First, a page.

Sample of the Week:
I have a real love/hate relationship with PDF Portfolios. On the one hand, they are a brilliant way to package multiple files, PDF or otherwise, in a single secure package and send them around. On the other hand, you can’t rely on the recipients having a consistent experience… even across the Adobe viewers. It’s really annoying. PDF’s popularity and longevity are due in large part to its ability to reliably communicate documents across platforms and viewers and maintain the visual fidelity; it looks like what the author intended. Even in the worst PDF viewers, the visual fidelity is preserved even if you can’t work with a form or comment on the file or add the signature that you were requested to add. But there is a way out… PDF Portfolios are really just an extension of the old style PDF Packages which were much simpler but far more consistent in their behavior.
What You Need to Know First:
PDF Packages were introduced in Acrobat 8.0 and they themselves were an extension to simple file attachments in a PDF file. With PDF Packages, you could combine multiple PDF files into a single “Package” with each file remaining a discrete entity with it’s own security settings but you could also combine Dynamic XFA Forms and static PDF Forms (Acroforms). What distinguished PDF Packages from ZIP files is that you could add descriptive text and metadata in context and you’d get a little thumbnail to help you find the specific files you wanted across the whole set.
In Acrobat 9.0, PDF Packages grew up into PDF Portfolios. PDF Portfolios built on top of the architecture for attachments and PDF Packages so that they would “fail gracefully” in older viewers or viewers that didn’t support Portfolios. Depending on the viewer, the PDF Portfolio would behave like a PDF Package or just a PDF with a list of attachments in it.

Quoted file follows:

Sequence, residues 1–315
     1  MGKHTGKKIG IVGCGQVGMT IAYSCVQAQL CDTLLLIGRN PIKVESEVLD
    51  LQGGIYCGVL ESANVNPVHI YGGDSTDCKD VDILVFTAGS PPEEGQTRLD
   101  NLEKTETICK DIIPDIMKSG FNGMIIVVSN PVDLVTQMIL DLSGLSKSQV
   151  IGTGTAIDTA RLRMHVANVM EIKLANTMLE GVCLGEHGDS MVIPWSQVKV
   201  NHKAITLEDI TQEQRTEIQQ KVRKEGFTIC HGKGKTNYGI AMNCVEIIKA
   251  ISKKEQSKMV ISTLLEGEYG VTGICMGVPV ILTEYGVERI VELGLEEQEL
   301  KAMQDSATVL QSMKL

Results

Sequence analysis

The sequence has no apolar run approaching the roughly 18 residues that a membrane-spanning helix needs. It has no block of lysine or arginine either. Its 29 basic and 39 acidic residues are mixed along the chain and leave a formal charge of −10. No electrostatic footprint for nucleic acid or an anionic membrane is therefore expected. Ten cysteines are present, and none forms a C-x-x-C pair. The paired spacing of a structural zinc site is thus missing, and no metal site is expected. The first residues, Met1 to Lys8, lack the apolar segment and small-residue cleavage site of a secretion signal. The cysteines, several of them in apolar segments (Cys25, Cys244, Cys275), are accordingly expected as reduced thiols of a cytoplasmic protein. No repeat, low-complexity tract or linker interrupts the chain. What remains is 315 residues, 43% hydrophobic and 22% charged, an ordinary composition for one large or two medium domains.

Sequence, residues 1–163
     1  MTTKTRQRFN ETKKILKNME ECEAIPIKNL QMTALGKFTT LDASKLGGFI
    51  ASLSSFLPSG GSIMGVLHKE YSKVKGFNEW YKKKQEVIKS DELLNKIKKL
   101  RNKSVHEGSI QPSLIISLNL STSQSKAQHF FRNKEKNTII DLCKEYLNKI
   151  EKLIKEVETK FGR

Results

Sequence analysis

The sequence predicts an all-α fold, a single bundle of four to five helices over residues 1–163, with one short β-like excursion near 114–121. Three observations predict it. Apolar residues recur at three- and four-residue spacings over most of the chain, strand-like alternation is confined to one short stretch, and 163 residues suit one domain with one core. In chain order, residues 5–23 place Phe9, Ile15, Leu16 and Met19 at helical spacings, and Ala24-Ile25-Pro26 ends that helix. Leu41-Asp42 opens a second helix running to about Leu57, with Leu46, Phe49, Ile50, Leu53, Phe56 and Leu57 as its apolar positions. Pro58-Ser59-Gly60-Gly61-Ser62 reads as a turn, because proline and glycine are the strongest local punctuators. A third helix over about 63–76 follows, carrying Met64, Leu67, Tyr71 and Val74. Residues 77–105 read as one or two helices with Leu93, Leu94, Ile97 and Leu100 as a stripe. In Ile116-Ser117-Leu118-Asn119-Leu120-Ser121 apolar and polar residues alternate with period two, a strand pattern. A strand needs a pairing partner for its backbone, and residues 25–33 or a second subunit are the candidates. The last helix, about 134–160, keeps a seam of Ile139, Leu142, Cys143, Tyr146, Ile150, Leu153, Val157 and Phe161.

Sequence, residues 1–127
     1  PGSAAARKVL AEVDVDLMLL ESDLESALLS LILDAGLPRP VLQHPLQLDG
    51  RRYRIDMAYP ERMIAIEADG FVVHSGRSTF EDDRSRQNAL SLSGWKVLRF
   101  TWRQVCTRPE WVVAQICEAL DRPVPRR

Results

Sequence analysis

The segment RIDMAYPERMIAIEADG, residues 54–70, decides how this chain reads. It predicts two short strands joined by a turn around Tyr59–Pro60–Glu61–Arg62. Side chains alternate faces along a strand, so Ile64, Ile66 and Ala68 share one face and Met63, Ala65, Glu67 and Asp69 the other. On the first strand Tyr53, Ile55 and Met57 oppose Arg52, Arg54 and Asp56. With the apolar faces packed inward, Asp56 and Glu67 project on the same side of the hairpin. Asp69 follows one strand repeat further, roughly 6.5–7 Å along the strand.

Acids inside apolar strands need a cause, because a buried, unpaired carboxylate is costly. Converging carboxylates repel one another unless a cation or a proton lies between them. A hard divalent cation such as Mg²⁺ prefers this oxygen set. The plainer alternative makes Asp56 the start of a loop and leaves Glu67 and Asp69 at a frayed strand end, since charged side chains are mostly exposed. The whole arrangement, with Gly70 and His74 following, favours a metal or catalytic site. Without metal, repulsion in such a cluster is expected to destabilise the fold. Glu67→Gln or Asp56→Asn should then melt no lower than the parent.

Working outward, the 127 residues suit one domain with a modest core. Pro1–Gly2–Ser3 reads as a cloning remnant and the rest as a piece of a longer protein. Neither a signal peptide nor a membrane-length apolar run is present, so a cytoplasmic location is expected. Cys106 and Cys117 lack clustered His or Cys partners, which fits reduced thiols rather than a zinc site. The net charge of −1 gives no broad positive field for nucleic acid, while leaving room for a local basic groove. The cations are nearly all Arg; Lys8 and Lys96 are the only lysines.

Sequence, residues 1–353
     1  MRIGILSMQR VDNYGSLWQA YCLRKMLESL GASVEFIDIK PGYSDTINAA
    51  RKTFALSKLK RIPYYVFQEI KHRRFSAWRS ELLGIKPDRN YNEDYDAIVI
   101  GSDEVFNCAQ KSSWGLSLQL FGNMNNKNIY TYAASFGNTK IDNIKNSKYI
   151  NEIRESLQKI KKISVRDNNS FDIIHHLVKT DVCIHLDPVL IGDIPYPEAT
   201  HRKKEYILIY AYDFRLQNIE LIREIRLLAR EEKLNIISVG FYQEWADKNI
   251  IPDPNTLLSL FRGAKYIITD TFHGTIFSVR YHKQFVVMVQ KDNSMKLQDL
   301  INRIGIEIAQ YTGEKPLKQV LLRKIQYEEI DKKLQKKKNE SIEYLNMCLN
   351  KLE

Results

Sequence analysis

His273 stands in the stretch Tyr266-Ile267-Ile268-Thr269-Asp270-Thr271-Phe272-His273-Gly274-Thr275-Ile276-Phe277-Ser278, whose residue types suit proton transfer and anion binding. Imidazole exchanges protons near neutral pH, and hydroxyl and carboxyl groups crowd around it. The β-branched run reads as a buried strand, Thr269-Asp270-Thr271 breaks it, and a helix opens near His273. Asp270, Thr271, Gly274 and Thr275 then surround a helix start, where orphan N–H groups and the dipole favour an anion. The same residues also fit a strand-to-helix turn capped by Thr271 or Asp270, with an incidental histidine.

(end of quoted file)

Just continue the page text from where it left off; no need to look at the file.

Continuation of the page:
In Acrobat X, PDF Portfolios evolved yet again to incorporate Flash-based “Layouts” that help the user navigate the collection of files. But they still fail gracefully in viewers that don’t support Portfolios.
But… if you do have a viewer that supports these Flash-based Layouts, the Portfolio wants you to install the Flash Player… and not just the regular Flash Player… you need to install two Flash Players.
If your system isn’t configured properly, the user experience gets really bad, really fast… and for users that are conditioned to PDF being easy and reliable, it’s frustrating.
So, in order to create a more consistent experience, a developer might want to “dumb-down” their PDF Portfolios and make them behave more like a PDF file with a list of attachments. Because PDF Portfolios were evolutionary rather than revolutionary, this ends up being pretty simple using the Datalogics PDF Java Toolkit.
Repackaging a PDF Portfolio:
In order to repackage a PDF Portfolio, turning it back into just a PDF file with a list of file attachments, the only thing you really need to do is remove the Collection dictionary from the catalog.
That’s it. We’re done.
Ok… technically, that’s all you need to do but there are a few other modifications you might want to make that will create a better user experience… which is the point of this exercise after all.
Because you want the user to be able to navigate the file attachments, you will want to set the PageMode in the file to attempt to open the attachments panel if the viewer supports it; some do, some don’t but it’s very convenient for the end user if the panel opens up automatically.
Next we’ll replace the default “Cover Sheet” that gets added to the PDF Portfolio when it’s created. This is the page that gets displayed when the viewer can’t process a PDF Portfolio and show it using it’s embedded layout. Since the file is no longer a PDF Portfolio, the text on the cover sheet no longer applies. The most efficient way to do this is to append a new page to the PDF Document and then delete the first one.
And finally, if the original author added some descriptive text to the items in the Portfolio, it might be a good idea to migrate that information to the file attachment description metadata. The PDF Portfolio templates that come with Adobe Acrobat contain a “Summary” field that is generally used to enter a description of the file attachment. In this section we copy that data to the Description metadata field for the attachment so it can be seen in the Acrobat Attachments panel.
After making these changes, your file still won’t behave exactly the same in every PDF viewer but it will behave more consistently and will definitely behave the same across Adobe viewers and Adobe viewer versions, with or without Flash installed.
To get started working with PDF, download this Gist and request an evaluation copy of The Datalogics PDF Java Toolkit.